A provincial government decision to reject an offer by Telus Corp. to pay nearly $2-million a year for naming rights to BC Place stadium doesn't make any financial sense, says an expert on sports marketing.
"When you look at naming-rights deals throughout North America, it actually competes with the best of them," said Tom Mayenknecht, a principal with Emblematica, a Vancouver-based company specializing in brand management.
Naming rights for the Air Canada Centre, home to the Toronto Maple Leafs and Raptors, are worth about $1.5-million a year, and the Bell Centre, base of the Montreal Canadians, brings in about $2.5-m annually, he said.
Had the BC Place deal gone ahead, it would have brought the government $35-million over 20 years. Those numbers compare favourably across North America, said Mr. Mayenknecht, when the size of the local market and the number of big events held annually in the stadium are factored in.
"It compares with the two largest naming rights deals in history, which are Citi Field, in Queens, New York [where the New York Mets play]… and the Barclays Centre, which opens in Brooklyn next year," he said.
Naming rights to those two fields cost the sponsors about $20-million a year each, "but in a market ten times the size" of Vancouver's, he said.
"The other top deal is the American Airlines Centre, in Dallas, which is $6-million a year, but its got a baseline of 82 major event nights with the Dallas Stars and the Dallas Mavericks, compared to 10 CFL dates and 17 MLS dates at BC Place," Mr. Mayenknecht said. "So no matter how you cut it, per capita and even in absolute terms, it [the proposed Telus deal]compares with the best naming-rights deals in North America."
BC Place, recently renovated by the government for $563-million, has long been home to the CFL BC Lions and, starting this year, will also be used by the Vancouver Whitecaps, a MLS soccer team.
Mr. Mayenknecht, who hosts The Sport Market on Team 1040 radio, a Saturday morning show that dissects the business of professional sports, felt sure a deal was about to get done last year.
Telus had had extensive negotiations with the B.C. Pavilion Corporation, the Crown agency that manages the stadium, and a naming deal seemed imminent last spring.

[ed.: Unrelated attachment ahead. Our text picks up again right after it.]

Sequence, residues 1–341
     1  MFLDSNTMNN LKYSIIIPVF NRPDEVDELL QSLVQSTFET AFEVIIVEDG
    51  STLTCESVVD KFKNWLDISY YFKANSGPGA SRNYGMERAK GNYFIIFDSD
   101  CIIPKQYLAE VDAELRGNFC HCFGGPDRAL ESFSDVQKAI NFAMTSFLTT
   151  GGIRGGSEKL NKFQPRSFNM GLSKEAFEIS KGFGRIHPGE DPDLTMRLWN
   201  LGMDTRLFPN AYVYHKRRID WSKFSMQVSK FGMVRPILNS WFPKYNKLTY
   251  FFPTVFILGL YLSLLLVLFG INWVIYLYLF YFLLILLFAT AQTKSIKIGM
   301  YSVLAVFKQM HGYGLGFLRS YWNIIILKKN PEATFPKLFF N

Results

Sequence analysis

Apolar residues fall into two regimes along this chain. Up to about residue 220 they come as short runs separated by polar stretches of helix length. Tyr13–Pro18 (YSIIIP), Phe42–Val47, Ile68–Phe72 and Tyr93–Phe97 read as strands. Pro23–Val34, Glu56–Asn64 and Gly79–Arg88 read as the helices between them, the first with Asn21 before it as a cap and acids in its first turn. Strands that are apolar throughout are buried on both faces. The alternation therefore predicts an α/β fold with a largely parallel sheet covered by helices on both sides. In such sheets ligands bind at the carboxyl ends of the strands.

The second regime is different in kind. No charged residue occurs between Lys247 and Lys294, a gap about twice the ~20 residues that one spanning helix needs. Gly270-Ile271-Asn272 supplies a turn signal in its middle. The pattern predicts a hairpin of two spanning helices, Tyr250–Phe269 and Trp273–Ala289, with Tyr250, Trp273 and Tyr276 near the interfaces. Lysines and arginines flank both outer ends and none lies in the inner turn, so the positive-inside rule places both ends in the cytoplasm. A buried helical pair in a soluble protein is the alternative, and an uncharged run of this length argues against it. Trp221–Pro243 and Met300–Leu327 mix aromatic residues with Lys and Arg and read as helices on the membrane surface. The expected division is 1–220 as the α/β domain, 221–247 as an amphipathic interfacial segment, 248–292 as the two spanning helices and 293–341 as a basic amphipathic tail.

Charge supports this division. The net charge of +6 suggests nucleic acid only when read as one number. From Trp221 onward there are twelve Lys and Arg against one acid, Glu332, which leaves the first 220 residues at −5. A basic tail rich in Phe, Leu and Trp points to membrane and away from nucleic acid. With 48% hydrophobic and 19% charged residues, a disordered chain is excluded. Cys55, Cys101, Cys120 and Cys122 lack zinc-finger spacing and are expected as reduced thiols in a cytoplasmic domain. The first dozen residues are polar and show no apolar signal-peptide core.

Telus, which, during the renovations, made BC Place Canada's first all-digital stadium by installing 500 kilometres of fibre-optic cable, 800 Wi-Fi access points and 1,150 high-definition digital screens, was so confident it had even made new signs for the building, worth an estimated $1.8-million.
But Mr. Mayenknecht said the deal went sideways after PavCo sent a proposal to cabinet for approval last year, shortly after Christy Clark became Premier. Since taking office, Ms. Clark has distanced herself from the previous Liberal leader, Gordon Campbell, who had approved the massive BC Place renovations.
"It's such a fascinating story at two levels. No. 1 is the actual substance of the deal that has been rejected. But the second thing is the way the government has handled this," Mr. Mayenknecht said. "Cabinet has taken nine, 10, 11 months … to deal with this issue and obviously the politics of it have trumped the commercial merit of the deal."
NDP Opposition Leader Adrian Dix said he was surprised the government treated Telus so badly.
"We have very few head offices in British Columbia. Telus is one and is arguably the largest private-sector employer in the province. And they stiff them with a $1.8-million sign? … This is just sheer incompetence," Mr. Dix said. "I mean, if they told them two years ago they didn't want to do the naming thing, they wanted it to stay BC Place, they wouldn't have had a problem."
Editor's note: Tom Mayenknecht meant to estimate the naming rights for the Bell Centre, in Montreal, at about $2.5 million annually. An earlier version of this story was incorrect, this version has been ammended.